Eight Words That Will Change the Shape of Your Christianity

Jesus-loves-you-christianity-16725073-600-601“Love each other as I have loved you. John 15:12

In this passage, and in John’s writing in general, one another is specifically applied to our brothers and sisters in Christ. Not that we shouldn’t love our non-believing friends, family, neighbors, or enemies, but in this specific passage Jesus is speaking to believers about the special fellowship love they are to have for other believers. Indeed, it is by this special fellowship love that, “All people (outside the church) will know that you are my disciples, if you have love for one another” (John 13:35).

So, as Jesus has loved you, so love others in your church. A simple enough truth to understand, but practicing it will most likely change the shape of our Christianity in very significant ways. What does it look like to love those in our local churches like Christ has loved us? Here are some thoughts to get you started.

Pray for those in your church. Romans 8:34 says Jesus is always, “is interceding for us” before His Father in heaven. Are we loving our churches in prayer like Jesus loves us in prayer? Who in your church have you prayed for today or this week? Who can you begin to pray for?

Lay aside your rights for the good of those in your church. “Though he was in the form of God, did not count equality with God a thing to be grasped, but emptied himself, by taking the form of a servant…” (Philippians 2:6-7). Jesus laid aside His glories and rights as the Son of God to save His church and bring her to Himself. Therefore, we should be ready to work in the nursery once in a while, have our parking spot (or normal seat in church) taken, teach the children’s Sunday school, or help set-up/tear-down for services. May we never be “too great” or “too important” to love our church like Jesus loved us.

Use your gifts for the good of those in your church. Jesus used His incarnation (John 1:14), the Spirit’s empowerment (Isaiah 11:1-5), His wisdom (Luke 2:40), His prayers (John 17:20-21), and everything else He had to bring good to His people. In fact, He still uses all He has for the good of His people. We are told by Paul that all members of the church are empowered by the Holy Spirit to bless the church in some meaningful way. “To each is given the manifestation of the Spirit for the common good.” (1 Corinthians 12:7). If we are to love one another as He loves us that means that you are to use your teaching ability, your education, your home, your materials, your position, your talents, and everything else you have for your church’s good like Jesus did for us.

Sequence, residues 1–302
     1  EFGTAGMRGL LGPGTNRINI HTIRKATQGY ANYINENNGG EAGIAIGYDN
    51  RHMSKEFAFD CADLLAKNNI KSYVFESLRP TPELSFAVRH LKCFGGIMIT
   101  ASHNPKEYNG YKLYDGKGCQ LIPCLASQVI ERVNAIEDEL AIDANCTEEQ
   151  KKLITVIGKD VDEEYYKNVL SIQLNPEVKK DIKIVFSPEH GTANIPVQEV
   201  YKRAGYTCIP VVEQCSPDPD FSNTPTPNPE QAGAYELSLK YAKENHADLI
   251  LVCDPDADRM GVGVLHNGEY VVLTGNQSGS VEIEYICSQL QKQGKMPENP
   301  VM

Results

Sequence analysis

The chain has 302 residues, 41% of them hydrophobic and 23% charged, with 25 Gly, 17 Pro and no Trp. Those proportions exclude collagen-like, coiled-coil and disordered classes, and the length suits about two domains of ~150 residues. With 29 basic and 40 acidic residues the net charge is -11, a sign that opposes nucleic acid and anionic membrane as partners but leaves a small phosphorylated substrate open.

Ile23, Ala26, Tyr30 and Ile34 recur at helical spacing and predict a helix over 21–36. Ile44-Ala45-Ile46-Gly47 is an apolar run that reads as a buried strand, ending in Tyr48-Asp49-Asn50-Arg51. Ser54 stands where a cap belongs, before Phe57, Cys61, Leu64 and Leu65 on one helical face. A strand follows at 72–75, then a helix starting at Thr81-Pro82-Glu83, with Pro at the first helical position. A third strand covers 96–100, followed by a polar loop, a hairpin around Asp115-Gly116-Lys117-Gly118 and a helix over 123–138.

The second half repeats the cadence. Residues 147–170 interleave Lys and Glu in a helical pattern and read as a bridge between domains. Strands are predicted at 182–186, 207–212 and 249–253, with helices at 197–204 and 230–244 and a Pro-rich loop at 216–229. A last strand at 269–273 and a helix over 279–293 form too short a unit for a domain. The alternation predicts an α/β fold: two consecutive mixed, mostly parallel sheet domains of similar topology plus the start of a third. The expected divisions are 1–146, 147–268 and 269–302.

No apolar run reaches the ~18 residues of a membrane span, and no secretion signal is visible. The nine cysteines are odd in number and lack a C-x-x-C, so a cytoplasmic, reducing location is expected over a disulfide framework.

Make sacrifices for those in your church. Jesus was God’s willing sacrifice for our sins (John 1:29; 3:16-17; 1 John 3:16; 4:10). He was willingly sent and He willingly came to lay His life down so we could have life in Him. Unsurprisingly, this is the example for how we are to love the members of our church: “In this is love, not that we have loved God but that he loved us and sent his Son to be the propitiation for our sins. Beloved, if God so loved us, we also ought to love one another” (1 John 4:10-11). A good question for reflection, when was the last time you sacrificed, you gave up something costly, to benefit your brother or sister? What is something you can do this week?